My pictures are so bad...

Discussion in 'Photography Beginners' Forum' started by nae, Dec 9, 2017.

  1. nae

    nae TPF Noob!

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    Dear friends,

    Please tell me what I am doing wrong. I am as you probably assume a beginner, a noob how some may say. I have followed a couple of online courses and invested quite some money in the gear. I know I am still missing experience but I get depressed when I continuously get bad results.

    I have no friends that shares same hobby, so no close people to ask for advice, therefore I try to get my help here.

    I dot't know if is because I am rushing things, am I asking too much from myself or I just suck and should sell everything and start playing poker? But there is always something very wrong. Either they look dirty, blurry, "unfinished" or the composition sucks.

    Hope the thread is in write place. Below i have uploaded few examples from today.

    My God, I get frustrated...

    Thanks in advance, nae[​IMG] [​IMG] [​IMG] [​IMG] [​IMG] .


     
  2. Dave Colangelo

    Dave Colangelo No longer a newbie, moving up!

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    To help us out a bit it may be good to answer a few questions,

    1. What kind of photography are you looking to get better at? By the looks of it you like landscape work if thats the case plenty of us here will be happy to give you advice on that.
    2. Whats your current setup/flow. I assume you are shooting digital and post processing in some kind of software? Although its not really important what gear you are using the advice from here may be better directed if we know what you are working with.
    3. What do you feel is wrong with your work? I actually like the last two photos here.


    A few notes:

    The first 2 shots have an aggressive red overtone on some parts, I assume you did that in some kind of post processing? Was this deliberate?

    The hardest thing for many to learn and often the most overlooked thing is composition. There are lots of threads on here that cover it and a simple internet search will yield endless results. In the landscape space its worth it to check out the work and teachings of Ansel Adams. If you can get ahold of any of his books, mainly, the negative, the camera and the print, they are well worth the read even in the digital age.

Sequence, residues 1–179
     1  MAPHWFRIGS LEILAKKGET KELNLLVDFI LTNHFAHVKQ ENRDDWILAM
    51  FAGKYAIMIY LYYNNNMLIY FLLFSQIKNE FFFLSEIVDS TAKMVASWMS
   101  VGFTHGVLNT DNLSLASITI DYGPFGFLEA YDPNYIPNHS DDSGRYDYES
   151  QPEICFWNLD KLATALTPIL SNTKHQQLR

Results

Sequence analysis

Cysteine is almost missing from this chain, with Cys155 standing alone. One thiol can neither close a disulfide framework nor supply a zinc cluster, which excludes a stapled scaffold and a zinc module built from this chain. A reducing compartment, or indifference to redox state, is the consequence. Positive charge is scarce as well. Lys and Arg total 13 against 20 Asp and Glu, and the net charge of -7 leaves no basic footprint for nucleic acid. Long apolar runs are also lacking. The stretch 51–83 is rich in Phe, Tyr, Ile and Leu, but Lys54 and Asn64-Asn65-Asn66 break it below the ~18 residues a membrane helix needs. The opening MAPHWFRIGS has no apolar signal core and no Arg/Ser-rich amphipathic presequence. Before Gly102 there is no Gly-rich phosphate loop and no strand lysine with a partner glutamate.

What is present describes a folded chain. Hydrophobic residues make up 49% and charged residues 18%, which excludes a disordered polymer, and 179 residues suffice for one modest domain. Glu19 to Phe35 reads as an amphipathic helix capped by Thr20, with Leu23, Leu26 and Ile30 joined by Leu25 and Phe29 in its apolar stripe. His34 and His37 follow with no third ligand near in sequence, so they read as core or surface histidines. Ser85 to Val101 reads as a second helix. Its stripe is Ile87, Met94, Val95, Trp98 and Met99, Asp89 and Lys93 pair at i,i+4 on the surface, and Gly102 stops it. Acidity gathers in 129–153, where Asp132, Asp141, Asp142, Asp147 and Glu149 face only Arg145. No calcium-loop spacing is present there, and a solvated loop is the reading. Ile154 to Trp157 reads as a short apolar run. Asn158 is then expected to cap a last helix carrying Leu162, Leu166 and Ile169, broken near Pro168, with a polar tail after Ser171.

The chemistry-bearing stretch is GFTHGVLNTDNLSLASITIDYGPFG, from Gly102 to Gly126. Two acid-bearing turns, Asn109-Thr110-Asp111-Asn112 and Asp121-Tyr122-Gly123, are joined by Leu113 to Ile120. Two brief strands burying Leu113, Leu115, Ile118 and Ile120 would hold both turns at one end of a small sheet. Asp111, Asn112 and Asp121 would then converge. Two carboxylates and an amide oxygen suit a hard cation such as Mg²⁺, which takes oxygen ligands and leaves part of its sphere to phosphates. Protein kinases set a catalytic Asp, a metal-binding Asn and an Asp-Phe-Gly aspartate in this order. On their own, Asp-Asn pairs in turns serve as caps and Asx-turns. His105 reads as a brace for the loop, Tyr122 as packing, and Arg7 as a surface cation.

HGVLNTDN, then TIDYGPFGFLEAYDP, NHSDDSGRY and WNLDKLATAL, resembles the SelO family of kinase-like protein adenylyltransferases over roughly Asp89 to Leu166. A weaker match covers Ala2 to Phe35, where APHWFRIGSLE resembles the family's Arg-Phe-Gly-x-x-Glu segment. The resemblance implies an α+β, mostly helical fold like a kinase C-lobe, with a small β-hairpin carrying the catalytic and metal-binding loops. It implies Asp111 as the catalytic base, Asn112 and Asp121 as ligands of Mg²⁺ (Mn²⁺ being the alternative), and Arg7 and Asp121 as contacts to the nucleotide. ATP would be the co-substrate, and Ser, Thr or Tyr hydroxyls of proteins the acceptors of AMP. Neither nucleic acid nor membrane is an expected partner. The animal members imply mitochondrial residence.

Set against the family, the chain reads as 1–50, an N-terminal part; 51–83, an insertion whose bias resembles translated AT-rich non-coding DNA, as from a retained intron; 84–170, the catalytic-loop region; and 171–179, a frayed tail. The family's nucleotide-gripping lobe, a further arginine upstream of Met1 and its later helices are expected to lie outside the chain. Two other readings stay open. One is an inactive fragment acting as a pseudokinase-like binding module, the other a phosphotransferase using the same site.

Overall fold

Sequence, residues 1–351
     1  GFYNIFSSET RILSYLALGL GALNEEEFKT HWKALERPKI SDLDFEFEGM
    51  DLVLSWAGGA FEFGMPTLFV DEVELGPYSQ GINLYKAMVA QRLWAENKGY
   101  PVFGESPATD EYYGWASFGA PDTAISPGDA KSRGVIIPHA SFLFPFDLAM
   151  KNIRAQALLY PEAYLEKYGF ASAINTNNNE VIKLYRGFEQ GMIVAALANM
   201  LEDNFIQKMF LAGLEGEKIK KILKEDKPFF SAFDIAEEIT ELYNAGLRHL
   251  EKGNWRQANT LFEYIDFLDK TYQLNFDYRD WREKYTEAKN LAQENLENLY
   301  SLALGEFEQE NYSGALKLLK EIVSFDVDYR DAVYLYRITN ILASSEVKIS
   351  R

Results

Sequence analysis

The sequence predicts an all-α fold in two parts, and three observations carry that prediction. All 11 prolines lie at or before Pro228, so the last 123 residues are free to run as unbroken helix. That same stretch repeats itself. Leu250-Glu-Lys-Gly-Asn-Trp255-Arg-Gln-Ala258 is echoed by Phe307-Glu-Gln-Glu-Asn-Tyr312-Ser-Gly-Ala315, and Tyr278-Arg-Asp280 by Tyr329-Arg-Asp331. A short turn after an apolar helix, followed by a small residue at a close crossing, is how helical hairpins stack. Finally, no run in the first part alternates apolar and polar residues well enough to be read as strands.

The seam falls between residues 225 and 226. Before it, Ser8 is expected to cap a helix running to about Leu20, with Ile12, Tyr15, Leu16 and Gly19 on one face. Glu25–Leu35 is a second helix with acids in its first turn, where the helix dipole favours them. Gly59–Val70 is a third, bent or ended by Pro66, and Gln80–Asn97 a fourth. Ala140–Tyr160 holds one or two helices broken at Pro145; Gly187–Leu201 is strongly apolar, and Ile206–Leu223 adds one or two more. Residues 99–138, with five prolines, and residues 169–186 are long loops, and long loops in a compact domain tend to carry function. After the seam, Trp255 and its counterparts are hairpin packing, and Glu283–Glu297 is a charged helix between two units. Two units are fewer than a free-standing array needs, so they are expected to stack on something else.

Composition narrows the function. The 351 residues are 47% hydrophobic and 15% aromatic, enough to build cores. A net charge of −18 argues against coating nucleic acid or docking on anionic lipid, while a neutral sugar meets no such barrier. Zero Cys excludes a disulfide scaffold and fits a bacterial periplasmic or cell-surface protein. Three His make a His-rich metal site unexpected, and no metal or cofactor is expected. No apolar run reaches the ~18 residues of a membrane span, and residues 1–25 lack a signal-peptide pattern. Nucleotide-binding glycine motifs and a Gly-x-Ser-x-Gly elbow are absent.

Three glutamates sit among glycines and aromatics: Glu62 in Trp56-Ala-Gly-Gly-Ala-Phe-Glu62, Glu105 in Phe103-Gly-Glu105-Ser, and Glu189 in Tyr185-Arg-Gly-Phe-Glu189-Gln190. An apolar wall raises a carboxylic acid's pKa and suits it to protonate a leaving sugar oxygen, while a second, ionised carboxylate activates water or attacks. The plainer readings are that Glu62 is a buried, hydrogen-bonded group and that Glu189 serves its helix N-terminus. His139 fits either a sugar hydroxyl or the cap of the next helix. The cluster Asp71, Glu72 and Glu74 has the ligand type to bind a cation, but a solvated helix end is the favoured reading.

It looks like you are using a wide lens, I have always found its easy to start with a standard lens 35mm-80mm range depending on the system you are working with. The more natural focal length can make composition simpler as its quite similar to what you see with your own eyes. If you have a variable lens try setting it to ~35mm ~50mm and taking some good shots there.

    In the great words of Henri Cartier-Bresson "Your first 10,000 photos are your worst".
     
  3. vintagesnaps

    vintagesnaps Been spending a lot of time on here!

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    Looks like the exposure was off, and then there seems to have been some editing that didn't really help any. Maybe you need to not try to do too much at once, and practice the basics til you're getting more consistent results.

    Maybe don't do so much wide angle, that can give some odd perspective, at least til you get better at framing, etc. Take time to see everything in the frame before you release the shutter. These aren't that bad, but the framing is a little off.

    With the first one, next time move around a little til you get both buildings completely in the frame (the right one's cut off and the left has more than enough space off to the left). The one of the boat's not bad, if you could have taken a step forward that could have eliminated some foreground and watch where you cut off a subject - if you'd framed a little higher you might have gotten the mast at a better place so it wouldn't look so chopped off. That could use some color adjustment; it looks quite pinkish (magenta) if you look at the clouds and water.